Hentet fra sciencemag.org:
«The stormy debate over a potential cause of chronic fatigue syndrome (CFS) is nearing hurricane force. Last month, it prompted headlines suggesting that researchers have reached a dead end, scores of blog posts from disappointed patients, and accusations that scientists had gone beyond their data. The 14-month-old row intensified when four papers appeared in Retrovirology suggesting that reports linking the virus XMRV to CFS were based on false positives.
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På Whittemore Peterson Institutes Facebookside har det blitt lagt ut kommentar med link til følgende informasjon:
«This paper is not open access, but these are the highlights after I read it. 1 page.
Science writer Jocelyn Kaiser discusses the present state of XMRV and CFS. I’m unable to publish the entire article, but what is included are:
1. patients are taking ARVs and blogging and hoping XMRV is right
2. Negative Retrovirolgy papers, comments from Towers and Coffin’s comment that these studies simply point out the need to be careful about contamination and don’t negate the original association between XMRV and CFS.
3. Ila Singh says of the Retrovirology papers: ‘»The data shown..do not justify some of the sweeping statements made,» says Ila Singh».
4. «Judy Mikovits of the Whittemore Peterson Institute (WPI) in Reno, Nevada, points out that PCR wasn’t the only test her studies used: For example, Mikovits’s team also showed that XMRV-positive patients make antibodies to the virus and that XMRV isolated from their blood can infect cultured human cells. Mikovits said in a statement, “Nothing that has been published to date refutes our data.”»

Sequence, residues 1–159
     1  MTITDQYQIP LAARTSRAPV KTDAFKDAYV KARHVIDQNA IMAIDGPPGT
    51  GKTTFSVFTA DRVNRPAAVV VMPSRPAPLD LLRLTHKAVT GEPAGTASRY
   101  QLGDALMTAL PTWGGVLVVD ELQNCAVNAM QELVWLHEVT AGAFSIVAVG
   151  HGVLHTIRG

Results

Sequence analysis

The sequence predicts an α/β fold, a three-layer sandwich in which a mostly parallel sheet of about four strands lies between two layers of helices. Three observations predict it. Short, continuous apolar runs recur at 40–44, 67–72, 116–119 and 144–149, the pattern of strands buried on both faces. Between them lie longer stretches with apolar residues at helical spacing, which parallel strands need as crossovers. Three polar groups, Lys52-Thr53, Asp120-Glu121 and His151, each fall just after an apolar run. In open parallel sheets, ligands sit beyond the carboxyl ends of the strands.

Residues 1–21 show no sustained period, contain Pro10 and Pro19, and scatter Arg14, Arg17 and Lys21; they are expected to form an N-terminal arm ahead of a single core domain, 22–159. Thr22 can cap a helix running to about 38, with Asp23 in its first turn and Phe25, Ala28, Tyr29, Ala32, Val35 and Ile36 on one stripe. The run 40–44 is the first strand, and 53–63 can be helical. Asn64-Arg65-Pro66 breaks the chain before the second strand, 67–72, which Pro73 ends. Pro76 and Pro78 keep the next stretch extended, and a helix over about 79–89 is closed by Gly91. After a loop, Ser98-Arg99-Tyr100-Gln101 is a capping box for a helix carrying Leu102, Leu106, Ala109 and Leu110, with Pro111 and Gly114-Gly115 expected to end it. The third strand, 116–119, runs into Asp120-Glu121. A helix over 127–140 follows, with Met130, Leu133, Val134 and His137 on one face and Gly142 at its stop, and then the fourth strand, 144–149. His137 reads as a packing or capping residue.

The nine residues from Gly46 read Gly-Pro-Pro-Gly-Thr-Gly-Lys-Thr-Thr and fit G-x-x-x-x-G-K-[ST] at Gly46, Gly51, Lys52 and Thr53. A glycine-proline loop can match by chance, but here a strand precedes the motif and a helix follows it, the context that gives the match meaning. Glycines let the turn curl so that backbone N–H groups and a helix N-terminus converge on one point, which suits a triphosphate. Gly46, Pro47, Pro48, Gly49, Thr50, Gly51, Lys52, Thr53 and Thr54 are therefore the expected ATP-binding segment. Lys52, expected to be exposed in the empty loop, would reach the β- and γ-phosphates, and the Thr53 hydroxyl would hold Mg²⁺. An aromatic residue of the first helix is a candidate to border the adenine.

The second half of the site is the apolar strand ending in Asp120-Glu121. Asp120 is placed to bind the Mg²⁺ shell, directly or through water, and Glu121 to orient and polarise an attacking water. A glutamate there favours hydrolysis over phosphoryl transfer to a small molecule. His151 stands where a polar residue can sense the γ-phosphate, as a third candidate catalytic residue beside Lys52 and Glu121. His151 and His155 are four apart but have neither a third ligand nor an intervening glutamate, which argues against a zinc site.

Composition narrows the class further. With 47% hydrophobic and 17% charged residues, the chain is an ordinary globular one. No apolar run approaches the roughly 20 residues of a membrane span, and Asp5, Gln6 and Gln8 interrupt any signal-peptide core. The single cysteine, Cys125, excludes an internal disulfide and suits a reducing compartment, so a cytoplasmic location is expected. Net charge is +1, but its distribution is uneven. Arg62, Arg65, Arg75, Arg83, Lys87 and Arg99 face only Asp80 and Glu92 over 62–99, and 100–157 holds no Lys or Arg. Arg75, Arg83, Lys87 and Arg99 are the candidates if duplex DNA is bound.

5. A mention about Vincent Racaniello retracting his statement from the Chicago Tribune and «(and a similar comment to Science [magazine])».
6. Mention of Ian Lipkin’s study. 150 patients/150 controls – 6 U.S. clinical sites. Samples will be tested blindly by several labs. «Because all clinicians have agreed on standard methods, the study should help resolve concerns that differences in how CFS patients are selected or how samples are handled could explain clashing conclusions, Lipkin says: «Results will be definitive.»‘
7. Stoye gets in a job:
«As the new study gets started, some won- der whether it’s worth the $1.3 million it will cost. Jonathan Stoye of the MRC National Institute for Medical Research in London concedes that the Towers study was “over- hyped.” But he says “it’s pointing people in a certain direction,” away from chasing an elusive link to XMRV. Still, he says, a larger study may be the only way to satisfy patients.»»
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